Three stunning images captured in 1853 by local photographer Samuel Buckle and featuring Orton Staunch along with the precariously sited lock-keeper’s cottage.
The resident lock-keeper at the time was Lucy Watts who soldiered on after the death of her husband Joseph in 1843. It was a tough existence and during the year prior to these images being captured, a well known group of local villains had armed themselves with guns and iron fixtures stolen from a nearby farm in Longthorpe to break into the cottage where they stole Lucy’s toll monies and put both her and her assistant, Thomas, through a frightening ordeal for which they were subsequently punished with deportation to New South Wales !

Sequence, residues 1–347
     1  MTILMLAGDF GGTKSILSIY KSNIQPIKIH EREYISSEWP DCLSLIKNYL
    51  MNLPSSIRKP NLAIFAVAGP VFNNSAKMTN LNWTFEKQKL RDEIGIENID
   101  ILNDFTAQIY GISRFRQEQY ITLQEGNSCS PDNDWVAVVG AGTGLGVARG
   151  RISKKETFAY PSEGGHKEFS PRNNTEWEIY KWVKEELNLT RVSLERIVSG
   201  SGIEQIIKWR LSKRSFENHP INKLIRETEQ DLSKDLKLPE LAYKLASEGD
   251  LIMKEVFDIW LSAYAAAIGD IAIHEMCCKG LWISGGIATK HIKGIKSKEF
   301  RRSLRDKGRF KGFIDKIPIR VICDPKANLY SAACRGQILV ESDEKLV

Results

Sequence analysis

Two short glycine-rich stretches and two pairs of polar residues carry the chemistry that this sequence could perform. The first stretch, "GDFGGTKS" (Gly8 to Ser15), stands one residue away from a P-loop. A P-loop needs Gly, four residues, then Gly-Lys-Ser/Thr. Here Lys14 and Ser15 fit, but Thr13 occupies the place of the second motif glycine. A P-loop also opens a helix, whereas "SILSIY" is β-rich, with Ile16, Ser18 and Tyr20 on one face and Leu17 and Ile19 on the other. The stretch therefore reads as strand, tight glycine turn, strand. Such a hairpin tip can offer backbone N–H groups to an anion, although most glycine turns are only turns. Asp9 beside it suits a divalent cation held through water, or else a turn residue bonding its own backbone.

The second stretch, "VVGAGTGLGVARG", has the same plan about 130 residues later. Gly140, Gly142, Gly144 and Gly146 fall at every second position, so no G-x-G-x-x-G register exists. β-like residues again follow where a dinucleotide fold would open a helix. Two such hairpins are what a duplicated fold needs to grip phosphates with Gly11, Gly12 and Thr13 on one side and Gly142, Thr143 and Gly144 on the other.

Not surprisingly, Lucy called it a day shortly afterwards !
The photographer behind these early images, Samuel Buckle, was born in Orton Longueville in 1808 and was the owner of a brewery in the city at the time of taking these photos. Having dabbled with the very first cameras as early as 1851, Samuel exhibited at The Great Exhibition of 1851, where he got a Council Medal (one of only two British photographers to receive this highest accolade).
He had his own large laboratory and studio at the back of his house on St John’s Street, where he seems to have worked mostly for his own pleasure. He never set out to sell photographs commercially but it is known that the Royal Family of the time did purchase some of his local landscapes. He was known to have made money from selling early cameras and from giving photography lessons.